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June 1, 2013

A Closer Look---Towson

North Carolina's opponent in Saturday night's second game of the Chapel Hill Regional, the 30-28 Tigers of Towson University, are one of the true feel-good stories of collegiate athletics this year, but that doesn't mean that the Diamond Heels want to continue the school's improbable run this spring at their own expense.

Towson's baseball program was on life support as recently as early spring, on the chopping block of University cuts in March and April before a late push in May (and appropriations of $300,000 by the state of Maryland) saved the program at least through 2015.

With a losing record in the regular season at 26-28, few could have expected Towson would even be still playing right now, much less taking on top-seeded North Carolina Saturday in an NCAA Tournament Winner's Bracket game with a chance to be in the driver's seat of the Chapel Hill Regional, just one victory away from a berth in a Super Regional.

But that's what's happened after the Tigers ran roughshod over three conference foes to win the Colonial Athletic Association Tournament last week to punch the league's NCAA berth, and with Friday afternoon's 7-2 win over Florida Atlantic, in which nine different Towson players got base hits to set up the showdown with North Carolina.

"First, Towson and (Friday starter) Mike Volpe pitched and played a fantastic ball game," said Florida Atlantic head coach John McCormack. "We were told before we got here that they were an emotional team and they kind of feed off each other and they did a fantastic job doing that."

On the whole Towson is a relatively young team (just six seniors on the roster), which is one of the reasons why they were preparing for a mass exodus of players from the school if the baseball program had indeed been shut down after this season. But now the program has entirely new life, and a win Saturday over the Diamond Heels would make a statement that would likely draw national headlines.

In Friday's win over Florida Atlantic the Tigers were paced by senior catcher Andrew Parker, who belted a three-home homer during the decisive sixth inning, in which five runs were scored. The homer was Parker's eleventh of the season.

On the mound Towson got seven shutout innings from Volpe, who allowed just four hits and left in the bottom of the eighth with the Tigers in control of the school's first NCAA Tournament victory since 1991, which was also the last time the school reached the NCAAs.

"I'm thrilled our kids have a future," Towson coach Mike Gottlieb said after Friday's win. "I'm thrilled I'm not looking for a job. I'm thrilled after 22 years personally, we're able to be back here in this environment. It was a long time without getting here. Just to be able to do that again after such a drought and at my age, that's very rewarding."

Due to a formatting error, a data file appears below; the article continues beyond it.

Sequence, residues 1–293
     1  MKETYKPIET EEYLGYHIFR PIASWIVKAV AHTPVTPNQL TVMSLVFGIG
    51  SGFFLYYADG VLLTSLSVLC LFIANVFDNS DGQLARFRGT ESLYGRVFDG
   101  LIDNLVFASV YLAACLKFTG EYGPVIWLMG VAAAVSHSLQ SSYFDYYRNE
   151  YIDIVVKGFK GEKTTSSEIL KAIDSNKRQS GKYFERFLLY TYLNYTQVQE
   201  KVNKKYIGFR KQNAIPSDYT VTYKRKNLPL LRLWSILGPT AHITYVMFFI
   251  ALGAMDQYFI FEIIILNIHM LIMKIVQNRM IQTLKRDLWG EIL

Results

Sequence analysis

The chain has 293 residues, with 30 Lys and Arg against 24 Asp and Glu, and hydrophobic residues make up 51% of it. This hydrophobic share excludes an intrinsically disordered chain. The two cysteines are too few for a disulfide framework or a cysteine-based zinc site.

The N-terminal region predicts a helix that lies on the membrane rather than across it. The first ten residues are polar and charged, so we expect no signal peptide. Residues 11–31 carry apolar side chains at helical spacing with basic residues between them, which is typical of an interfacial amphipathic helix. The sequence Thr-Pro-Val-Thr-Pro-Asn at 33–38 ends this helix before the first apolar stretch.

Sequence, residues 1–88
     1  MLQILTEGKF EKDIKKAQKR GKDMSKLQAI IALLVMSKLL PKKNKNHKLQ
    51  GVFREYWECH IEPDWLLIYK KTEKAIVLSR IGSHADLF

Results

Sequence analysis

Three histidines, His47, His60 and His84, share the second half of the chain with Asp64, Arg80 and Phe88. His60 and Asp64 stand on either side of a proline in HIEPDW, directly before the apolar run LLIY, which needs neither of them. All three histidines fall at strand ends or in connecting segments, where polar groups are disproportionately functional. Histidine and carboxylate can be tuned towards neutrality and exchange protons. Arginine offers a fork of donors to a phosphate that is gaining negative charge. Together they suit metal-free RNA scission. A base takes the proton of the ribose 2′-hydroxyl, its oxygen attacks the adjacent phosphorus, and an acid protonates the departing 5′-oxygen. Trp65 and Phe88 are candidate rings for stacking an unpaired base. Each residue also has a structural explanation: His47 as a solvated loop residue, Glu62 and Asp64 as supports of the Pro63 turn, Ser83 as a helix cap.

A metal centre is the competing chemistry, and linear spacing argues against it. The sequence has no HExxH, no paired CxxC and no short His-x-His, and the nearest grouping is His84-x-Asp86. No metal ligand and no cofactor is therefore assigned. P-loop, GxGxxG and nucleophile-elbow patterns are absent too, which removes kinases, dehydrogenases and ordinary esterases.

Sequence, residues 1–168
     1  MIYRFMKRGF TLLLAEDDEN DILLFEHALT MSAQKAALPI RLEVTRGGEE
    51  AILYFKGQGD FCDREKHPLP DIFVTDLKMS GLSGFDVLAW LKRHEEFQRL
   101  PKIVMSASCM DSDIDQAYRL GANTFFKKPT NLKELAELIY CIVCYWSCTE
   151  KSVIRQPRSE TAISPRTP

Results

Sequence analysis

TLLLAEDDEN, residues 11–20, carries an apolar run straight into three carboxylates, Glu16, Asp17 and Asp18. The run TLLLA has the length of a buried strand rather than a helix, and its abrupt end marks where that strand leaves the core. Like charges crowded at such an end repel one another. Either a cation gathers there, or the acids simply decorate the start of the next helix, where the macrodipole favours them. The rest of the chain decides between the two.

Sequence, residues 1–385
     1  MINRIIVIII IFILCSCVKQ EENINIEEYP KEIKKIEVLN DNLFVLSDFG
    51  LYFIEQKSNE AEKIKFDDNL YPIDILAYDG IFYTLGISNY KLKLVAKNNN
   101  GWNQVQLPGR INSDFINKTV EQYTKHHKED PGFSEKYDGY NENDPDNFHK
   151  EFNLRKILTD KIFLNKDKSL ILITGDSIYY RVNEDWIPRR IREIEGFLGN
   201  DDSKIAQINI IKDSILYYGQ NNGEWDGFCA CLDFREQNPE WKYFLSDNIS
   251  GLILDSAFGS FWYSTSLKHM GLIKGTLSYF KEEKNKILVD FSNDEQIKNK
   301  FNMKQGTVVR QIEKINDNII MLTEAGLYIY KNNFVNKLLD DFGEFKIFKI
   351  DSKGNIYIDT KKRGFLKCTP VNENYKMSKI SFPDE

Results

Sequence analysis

Along with Parker, Towson is led offensively by designated hitter Kurt Wertz, a .341 hitter with a team-best 13 homers coming into the NCAA Tournament, as well as left fielder and cleanup hitter Peter Bowles (.325, eight homers, 47 RBIs), and right fielder Dominic Fratanuono (.345, eight homers, 51 RBIs, 14 stolen bases).

Between them, Wertz, Bowles, and Fratanuouno---the heart of the Towson lineup as the No. 3, No. 4, and No. 5 batters---combined for four hits, three runs, and two RBIs in Friday afternoon's triumph over Florida Atlantic.

"They swing the bat," said Florida Atlantic's McCormack of the Towson hitters. "Some people had told us they're difficult to pitch to because they just get up there and swing. They're very, very aggressive. It's not like they have a pattern to what they do. They just kind of get up there and swing and hack the ball around the field, which is exactly what they did (in Friday's victory). They saw good pitches and hit them. It's a simple approach, and nine times out of ten, it works very well."

The top-seeded Diamond Heels, fresh off a hard-fought 6-3 win Friday night against Canisius in their own NCAA Tournament opener, will send Southpaw ace Kent Emanuel to the hill Saturday night, while Towson will likely counter with Brandon Gonnella.

At least on paper, this would seem to be a huge advantage for Carolina, as Emanuel comes into Saturday's game with a 10-3 record, a 2.11 ERA, a recent shutout against Miami in the ACC Tournament last week, and a building reputation for being a dominant starter in the postseason and in other high-pressure games.

Gonnella, a right-handed junior, counters with a 4-4 overall record, and a 5.22 ERA.

Sounds like the kind of matchup that favors for the Diamond Heels, but if Towson hits the ball anything like they did Friday afternoon against Florida Atlantic, they could definitely make things interesting.

Stay tuned to Tar Heel Illustrated throughout the weekend for more coverage of the Chapel Hill Regional, as North Carolina looks to advance to another Super Regional.


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